We arrived in Paris the day before my birthday and started to plot out our week. Several museums were on our list — The Louvre, Musée Rodin, Musée Picasso, the d’Orsay. We knew that we wanted to go to Giverny to see Monet’s gardens and tried to figure out the best day to go. We went to the Jules Verne and enjoyed a lovely lunch overlooking Paris. It was fun to do something so extravagant — lunch at an expensive restaurant in Paris to celebrate a birthday — but I don’t remember much about the experience other than we had good food and an enjoyable time, although the restaurant seemed a bit touristy.

The next day we were moving at too leisurely a pace to get to the train station on time to catch the train to Giverny, so we changed our plans, thinking that we wouldn’t make it to the gardens this trip. But, the next day, a bright sunny day without a cloud in the sky, we decided spur-of-the-moment to see if we could catch the morning train. We made it to Gare St Lazare with just enough time to spare and settled into the 45 minutes trip through the countryside.

To say that the gardens are magnificent is an understatement bordering on redundancy. Even for the viewer who doesn’t like Impressionistic art, Monet’s paintings depict a gloriously lush vegetation, full of color, light, and texture. It isn’t hard to imagine what the gardens might be like. But, on a beautiful Spring day, they are even better than that! The house itself isn’t much, but it is the same structure where Monet lived. If you visit hoping to see Impressionist Masterpieces, you will be disappointed. Monet’s works are in museums and collections throughout the world, but his home in Giverny is only decorated with reproductions. And, even at the dawn of this century a large portion of the house was devoted to the requisite tourist gift shop.

After we maneuvered our way through the house and past shoppers in the gift shop (zee big spendurhs as a French tour guide was overheard saying), we spent a few hours in the gardens. Unlike the house, the gardens are a delight to stroll through. Paths that lead through rose gardens. Paths that lead to ponds. Row after row of a colorful, scented sensory assault. And, of course, there is the famous Japanese bridge and waterlilies.

When we were finished with our walk, we could have rushed back via taxi to the train station, or we could have waited a few hours to catch the bus. We opted to stay and wander through Giverny, hoping to find a little restaurant to have a bite to eat. What we found, instead, was a beautiful French country house with a wonderful restaurant. Le Jardin de Giverny was only a five-minute stroll from the Monet house. We had taken the other fork in the road, wanting a meandering route back to the main road where we were told we would find a café. So, you might say that it was serendipity that we saw a path that lead to a garden and then noticed a car park and a restaurant sign. We continued down the drive to Le Jardin de Giverny.

I don’t remember the specific things we had for each of the courses, except for the fois gros appetizers and the truly exquisite chocolates for dessert. But, I do remember that we had a four-course meal with champagne. The restaurant was charming, and with only two or three other tables seated, it seemed that our little table in front of the large window was our own private dining room. The wait staff spoke little English, but they were as attentive as possible. With my scarce-remembered high-school French we figured out how to communicate our menu selections. We looked out over the rose garden and the dappled ginkgo trees and enjoyed wonderful food and a peaceful afternoon.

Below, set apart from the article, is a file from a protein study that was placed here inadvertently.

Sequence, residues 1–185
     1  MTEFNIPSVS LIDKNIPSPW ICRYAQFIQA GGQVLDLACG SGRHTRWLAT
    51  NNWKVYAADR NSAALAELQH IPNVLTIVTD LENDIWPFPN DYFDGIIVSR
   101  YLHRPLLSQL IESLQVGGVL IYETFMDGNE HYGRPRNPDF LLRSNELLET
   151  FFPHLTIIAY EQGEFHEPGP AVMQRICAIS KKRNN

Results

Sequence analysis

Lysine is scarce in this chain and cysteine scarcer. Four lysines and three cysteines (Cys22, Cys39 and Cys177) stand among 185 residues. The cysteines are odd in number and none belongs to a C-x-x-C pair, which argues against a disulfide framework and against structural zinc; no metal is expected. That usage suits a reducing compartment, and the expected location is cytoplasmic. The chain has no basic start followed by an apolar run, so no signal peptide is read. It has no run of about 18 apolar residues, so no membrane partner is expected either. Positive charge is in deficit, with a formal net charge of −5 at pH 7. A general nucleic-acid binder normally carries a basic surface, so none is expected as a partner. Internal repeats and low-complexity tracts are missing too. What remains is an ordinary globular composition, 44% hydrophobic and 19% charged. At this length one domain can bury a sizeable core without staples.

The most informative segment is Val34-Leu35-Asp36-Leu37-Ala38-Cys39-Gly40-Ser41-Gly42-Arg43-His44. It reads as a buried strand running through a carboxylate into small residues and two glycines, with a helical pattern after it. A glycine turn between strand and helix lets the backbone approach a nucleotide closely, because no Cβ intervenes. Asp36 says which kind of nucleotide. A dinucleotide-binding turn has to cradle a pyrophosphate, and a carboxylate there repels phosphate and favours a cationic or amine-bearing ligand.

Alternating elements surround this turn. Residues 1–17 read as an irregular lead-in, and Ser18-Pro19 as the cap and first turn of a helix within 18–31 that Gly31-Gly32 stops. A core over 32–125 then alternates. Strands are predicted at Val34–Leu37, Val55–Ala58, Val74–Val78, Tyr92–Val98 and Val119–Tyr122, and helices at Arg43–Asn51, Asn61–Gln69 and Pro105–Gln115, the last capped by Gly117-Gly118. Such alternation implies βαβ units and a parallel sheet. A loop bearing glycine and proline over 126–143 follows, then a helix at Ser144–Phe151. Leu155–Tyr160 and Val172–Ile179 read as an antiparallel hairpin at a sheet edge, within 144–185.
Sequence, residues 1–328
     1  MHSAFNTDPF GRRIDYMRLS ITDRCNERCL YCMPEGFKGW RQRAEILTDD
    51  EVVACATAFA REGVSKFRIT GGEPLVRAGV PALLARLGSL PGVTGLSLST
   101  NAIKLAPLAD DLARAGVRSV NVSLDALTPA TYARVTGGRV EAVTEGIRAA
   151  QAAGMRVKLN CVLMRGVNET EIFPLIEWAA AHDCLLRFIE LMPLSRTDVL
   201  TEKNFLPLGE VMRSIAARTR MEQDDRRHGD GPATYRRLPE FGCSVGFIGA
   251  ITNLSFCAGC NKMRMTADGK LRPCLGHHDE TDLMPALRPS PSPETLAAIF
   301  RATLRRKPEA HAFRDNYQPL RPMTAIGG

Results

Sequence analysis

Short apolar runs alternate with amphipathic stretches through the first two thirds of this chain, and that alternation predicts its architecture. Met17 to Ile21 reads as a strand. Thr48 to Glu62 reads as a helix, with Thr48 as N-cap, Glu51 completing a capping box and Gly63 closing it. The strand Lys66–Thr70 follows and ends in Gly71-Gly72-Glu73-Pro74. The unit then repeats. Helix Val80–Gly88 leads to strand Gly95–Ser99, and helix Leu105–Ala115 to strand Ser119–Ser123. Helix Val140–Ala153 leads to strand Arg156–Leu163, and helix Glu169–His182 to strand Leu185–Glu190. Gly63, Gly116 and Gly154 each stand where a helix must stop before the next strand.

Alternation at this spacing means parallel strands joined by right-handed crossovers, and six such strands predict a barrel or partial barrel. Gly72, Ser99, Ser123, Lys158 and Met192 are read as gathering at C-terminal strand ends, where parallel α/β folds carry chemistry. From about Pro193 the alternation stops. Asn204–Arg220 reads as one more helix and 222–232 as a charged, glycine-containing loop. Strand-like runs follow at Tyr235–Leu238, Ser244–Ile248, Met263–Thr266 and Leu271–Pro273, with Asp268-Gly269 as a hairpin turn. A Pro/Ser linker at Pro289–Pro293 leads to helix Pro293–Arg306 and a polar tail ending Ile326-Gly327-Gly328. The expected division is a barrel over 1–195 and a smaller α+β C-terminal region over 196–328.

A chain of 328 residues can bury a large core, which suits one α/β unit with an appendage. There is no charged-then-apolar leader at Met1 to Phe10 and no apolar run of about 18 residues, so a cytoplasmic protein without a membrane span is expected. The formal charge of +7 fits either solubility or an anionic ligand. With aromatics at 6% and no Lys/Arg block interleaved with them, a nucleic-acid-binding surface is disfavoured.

More than 10 years later, both my husband and I would quickly list this among our best meals ever. I think it says something about my dining priorities that I don’t remember the entrée. I’m not sure that I have that sort of sense-memory for food tastes. For me, dining is much more than the food: it is the presentation, the surroundings, a friendly and informed wait staff, a chef who prepares not a meal, but an experience.  Fine dining  doesn’t have to be a Michelin rated restaurant, or prepared using the latest culinary technique, but an opportunity to remember a point in time: where you were, who you were with, what you felt.

Sadly, based on an internet search, it doesn’t appear that this restaurant still exists and even if it does, I’m not sure that I’d make a trip to Giverny just to dine there.   But,  if I’m ever in the French countryside again, I hope that I’ll stumble upon another out-of-the-way restaurant, a place that is fine dining not because of the food prep or the view or the decor are prized by a guide book, but because it provides an amiable, pleasant, complete experience to accompany the food.  Fine dining is memorable dining.

This is my submission for Ailsa’s weekly travel theme. This week’s theme? You guessed it: food.

I don’t have any photos of the restaurant, but I do have some of Monet’s gardens. Most of these were taken by my husband.

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Weekly Photo Challenge: Create

This week’s WordPress Weekly Photo challenge is CREATE. This is a timely topic, as I was thinking last night about how many things are creative even when we don’t think of them as crafty or artistic.